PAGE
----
Defining a “Well-Run Hybrid Cloud”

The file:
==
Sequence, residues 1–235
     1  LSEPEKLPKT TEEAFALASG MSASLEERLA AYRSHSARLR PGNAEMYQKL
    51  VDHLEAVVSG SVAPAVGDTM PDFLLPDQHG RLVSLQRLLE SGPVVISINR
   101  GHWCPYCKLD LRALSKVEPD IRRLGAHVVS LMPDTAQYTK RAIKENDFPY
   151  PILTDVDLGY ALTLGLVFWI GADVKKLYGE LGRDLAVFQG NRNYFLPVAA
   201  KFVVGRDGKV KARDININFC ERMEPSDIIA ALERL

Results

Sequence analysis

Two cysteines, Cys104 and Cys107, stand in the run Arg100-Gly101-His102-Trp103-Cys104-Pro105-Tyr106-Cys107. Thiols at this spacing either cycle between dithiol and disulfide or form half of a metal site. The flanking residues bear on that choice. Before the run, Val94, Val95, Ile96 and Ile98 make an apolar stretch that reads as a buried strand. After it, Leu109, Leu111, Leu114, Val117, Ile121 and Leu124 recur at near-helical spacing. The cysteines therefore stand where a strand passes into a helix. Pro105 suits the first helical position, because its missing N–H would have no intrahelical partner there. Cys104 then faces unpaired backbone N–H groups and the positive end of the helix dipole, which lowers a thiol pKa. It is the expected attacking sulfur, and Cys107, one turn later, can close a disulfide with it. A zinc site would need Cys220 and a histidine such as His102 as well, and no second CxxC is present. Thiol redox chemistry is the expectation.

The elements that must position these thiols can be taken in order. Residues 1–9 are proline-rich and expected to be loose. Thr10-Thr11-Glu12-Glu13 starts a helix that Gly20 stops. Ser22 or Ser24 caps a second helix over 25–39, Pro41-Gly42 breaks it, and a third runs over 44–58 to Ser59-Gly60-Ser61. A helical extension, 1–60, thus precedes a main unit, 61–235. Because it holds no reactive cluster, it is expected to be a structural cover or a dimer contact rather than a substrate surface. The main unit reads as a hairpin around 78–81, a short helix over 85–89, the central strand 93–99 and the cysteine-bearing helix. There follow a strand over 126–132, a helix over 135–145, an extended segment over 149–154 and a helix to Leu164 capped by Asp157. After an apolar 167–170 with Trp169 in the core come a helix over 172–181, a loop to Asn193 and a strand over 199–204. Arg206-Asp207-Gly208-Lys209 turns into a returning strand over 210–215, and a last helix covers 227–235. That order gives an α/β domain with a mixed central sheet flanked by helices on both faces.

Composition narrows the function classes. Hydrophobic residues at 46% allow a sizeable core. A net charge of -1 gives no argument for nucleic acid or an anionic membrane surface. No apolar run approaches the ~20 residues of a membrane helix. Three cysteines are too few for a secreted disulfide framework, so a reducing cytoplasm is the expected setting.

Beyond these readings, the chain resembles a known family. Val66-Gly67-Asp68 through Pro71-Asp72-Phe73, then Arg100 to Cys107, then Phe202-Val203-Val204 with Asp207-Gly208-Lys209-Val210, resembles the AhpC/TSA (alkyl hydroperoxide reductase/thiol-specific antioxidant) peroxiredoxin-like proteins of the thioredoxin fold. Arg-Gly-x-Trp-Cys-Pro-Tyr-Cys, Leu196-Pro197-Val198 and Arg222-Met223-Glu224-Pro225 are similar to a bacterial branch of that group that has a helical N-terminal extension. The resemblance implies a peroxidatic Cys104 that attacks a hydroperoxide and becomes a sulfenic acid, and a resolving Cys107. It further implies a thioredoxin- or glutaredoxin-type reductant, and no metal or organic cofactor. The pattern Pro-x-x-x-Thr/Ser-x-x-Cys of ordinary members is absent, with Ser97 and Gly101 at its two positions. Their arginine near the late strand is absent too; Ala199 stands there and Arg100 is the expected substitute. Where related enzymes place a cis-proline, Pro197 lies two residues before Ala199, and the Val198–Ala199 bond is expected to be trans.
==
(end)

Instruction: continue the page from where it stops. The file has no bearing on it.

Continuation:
first_imgIf each of these attributes is indeed in place does that make a private cloud “well-run?”Not necessarily.A private cloud is only well-run if the end users believe it to be so! These end users happen to rely on a different set of metrics – cost, ease, time, and agility. They view NIST’s five cloud characteristics as table stakes.Therefore the first step in creating a well-run hybrid cloud is to create a well-run private cloud by bringing together IT’s metrics with those of the end user:Once this happens, the end user begins to prefer the selection of private cloud IT resources in many cases. If this occurs, your private cloud has reached “well-run” status.It is then (and only then) that IT can take the next step: becoming a broker for external services. Once again, the end user has a set of expectations that must be met in order to achieve the label of “well-run.”Clear advertisement of services (internal or external)Clear pricingPublished service levelsSelf-provisionedAutomated deployment of the servicesThe first and last bullets in the list above represent two key litmus tests for earning the label of a “well-run hybrid cloud”.  A hybrid cloud is well-run if advertising its services don’t cause the end user to ask whether the services are provided privately or publicly. The end user feels no need to shop for public services that have better metrics.And finally, the automated deployment of services, often called right-sourcing, seamlessly issues the application internally or externally to give the end user the most benefit across the metrics established above.For EMC World attendees, I recommend attending Build-A-Hybrid-Cloud LIVE (Booth #850) to see live demonstrations and gain a more thorough understanding of how a well-run hybrid cloud can be built in practice. Let’s try and build a sensible definition of the phrase “well-run hybrid cloud.”Many IT departments would argue that they have created a “well-run internal cloud.” This means, for example, that they can place a checkmark next to five common cloud characteristics (as defined by the National Institute of Standards and Technology or NIST):On demand self-serviceBroad network accessResource poolingRapid elasticityMeasured servicelast_img

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